Motivated Reasoning in the Field: Partisanship in Precedent, Prose, Vote, and Retirement in U.S. Circuit Courts, 1800-2013
Daniel L. Chen and
No 18-976, TSE Working Papers from Toulouse School of Economics (TSE)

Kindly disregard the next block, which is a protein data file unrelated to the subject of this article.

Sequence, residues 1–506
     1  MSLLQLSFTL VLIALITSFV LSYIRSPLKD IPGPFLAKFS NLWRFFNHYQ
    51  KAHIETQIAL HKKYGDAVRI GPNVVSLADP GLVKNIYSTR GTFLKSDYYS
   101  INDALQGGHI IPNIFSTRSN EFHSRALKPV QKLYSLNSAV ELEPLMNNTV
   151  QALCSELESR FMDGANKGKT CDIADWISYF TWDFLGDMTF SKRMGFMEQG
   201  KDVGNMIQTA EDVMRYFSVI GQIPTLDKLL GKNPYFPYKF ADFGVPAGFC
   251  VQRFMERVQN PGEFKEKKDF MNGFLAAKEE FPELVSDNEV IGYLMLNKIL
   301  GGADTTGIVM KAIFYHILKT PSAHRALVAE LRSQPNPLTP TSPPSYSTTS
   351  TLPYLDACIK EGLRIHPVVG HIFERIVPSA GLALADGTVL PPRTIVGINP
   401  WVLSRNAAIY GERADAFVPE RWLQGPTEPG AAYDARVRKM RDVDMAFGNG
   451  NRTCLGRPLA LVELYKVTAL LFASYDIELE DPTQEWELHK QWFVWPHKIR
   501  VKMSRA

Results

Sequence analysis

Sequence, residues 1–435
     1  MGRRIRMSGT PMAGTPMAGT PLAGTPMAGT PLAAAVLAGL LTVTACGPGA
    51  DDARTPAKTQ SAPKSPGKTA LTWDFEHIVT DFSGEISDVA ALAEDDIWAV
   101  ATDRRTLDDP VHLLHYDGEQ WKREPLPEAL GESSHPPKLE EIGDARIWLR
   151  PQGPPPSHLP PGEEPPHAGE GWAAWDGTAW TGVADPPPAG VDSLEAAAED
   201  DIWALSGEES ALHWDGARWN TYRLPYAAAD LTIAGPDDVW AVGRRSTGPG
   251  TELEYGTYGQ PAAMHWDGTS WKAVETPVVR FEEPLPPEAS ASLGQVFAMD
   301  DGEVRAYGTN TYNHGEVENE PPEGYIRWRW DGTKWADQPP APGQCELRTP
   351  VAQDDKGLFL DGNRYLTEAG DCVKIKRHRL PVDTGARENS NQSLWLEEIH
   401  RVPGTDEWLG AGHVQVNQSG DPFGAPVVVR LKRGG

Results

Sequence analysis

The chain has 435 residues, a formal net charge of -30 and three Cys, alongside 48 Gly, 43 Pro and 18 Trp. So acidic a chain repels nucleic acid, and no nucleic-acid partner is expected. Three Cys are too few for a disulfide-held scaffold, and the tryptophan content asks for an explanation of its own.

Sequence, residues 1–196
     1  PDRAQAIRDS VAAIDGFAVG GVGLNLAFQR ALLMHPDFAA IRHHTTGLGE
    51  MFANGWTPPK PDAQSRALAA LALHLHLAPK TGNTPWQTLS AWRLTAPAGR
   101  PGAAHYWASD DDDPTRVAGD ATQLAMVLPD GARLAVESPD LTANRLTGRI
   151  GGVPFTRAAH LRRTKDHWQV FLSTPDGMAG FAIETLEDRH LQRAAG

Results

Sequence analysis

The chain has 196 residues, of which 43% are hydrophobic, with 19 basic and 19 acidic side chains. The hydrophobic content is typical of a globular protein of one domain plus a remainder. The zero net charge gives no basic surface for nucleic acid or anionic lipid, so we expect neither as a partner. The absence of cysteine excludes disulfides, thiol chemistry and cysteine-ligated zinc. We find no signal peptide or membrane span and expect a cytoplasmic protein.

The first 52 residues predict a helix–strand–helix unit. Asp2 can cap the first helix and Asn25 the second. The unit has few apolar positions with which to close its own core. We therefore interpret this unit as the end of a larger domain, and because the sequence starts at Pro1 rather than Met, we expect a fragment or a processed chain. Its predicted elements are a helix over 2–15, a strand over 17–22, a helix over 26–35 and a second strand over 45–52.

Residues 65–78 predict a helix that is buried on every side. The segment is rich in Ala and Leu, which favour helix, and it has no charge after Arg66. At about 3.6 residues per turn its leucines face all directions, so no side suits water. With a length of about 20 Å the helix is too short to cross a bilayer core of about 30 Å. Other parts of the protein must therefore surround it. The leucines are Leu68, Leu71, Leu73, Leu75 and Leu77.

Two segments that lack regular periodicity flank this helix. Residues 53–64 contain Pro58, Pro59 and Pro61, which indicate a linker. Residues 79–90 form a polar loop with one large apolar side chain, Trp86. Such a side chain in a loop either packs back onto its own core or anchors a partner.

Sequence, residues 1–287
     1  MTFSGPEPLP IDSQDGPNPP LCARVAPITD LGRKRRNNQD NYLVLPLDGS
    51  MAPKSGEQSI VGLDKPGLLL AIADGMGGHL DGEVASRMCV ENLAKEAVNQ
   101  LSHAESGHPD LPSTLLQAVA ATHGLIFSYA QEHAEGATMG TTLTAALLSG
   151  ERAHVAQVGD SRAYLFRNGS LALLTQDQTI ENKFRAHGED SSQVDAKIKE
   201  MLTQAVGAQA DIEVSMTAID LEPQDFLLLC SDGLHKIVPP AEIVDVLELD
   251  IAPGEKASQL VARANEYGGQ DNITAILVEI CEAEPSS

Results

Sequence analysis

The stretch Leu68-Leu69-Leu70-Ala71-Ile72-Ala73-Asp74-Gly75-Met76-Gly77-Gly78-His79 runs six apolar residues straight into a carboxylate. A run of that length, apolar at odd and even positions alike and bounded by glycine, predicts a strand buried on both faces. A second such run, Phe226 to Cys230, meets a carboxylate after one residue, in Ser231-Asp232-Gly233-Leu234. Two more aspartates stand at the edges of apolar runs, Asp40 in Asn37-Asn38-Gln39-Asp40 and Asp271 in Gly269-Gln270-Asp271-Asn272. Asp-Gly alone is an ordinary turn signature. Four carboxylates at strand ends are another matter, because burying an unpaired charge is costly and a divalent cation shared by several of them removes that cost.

We document motivated reasoning among U.S. judges. We employ a supervised learning approach to measure partisanship of text and citations of circuit court opinions. We find persistent but low partisanship of language overall, with the notable exception of civil rights and First Amendment, which liberals and conservatives have mobilized in certain periods. Citations display a significant level of partisanship and increase over time. We also document an increase in vote partisanship–dissenting only against judges appointed by the opposing party’s president. We show an increase in partisan retirement–strategically timing retirements that sclerotize the judiciary and stymie democratic churn. Finally, we show that motivated reasoning grows with judicial experience, but not age, and is more pronounced for Republican appointees.
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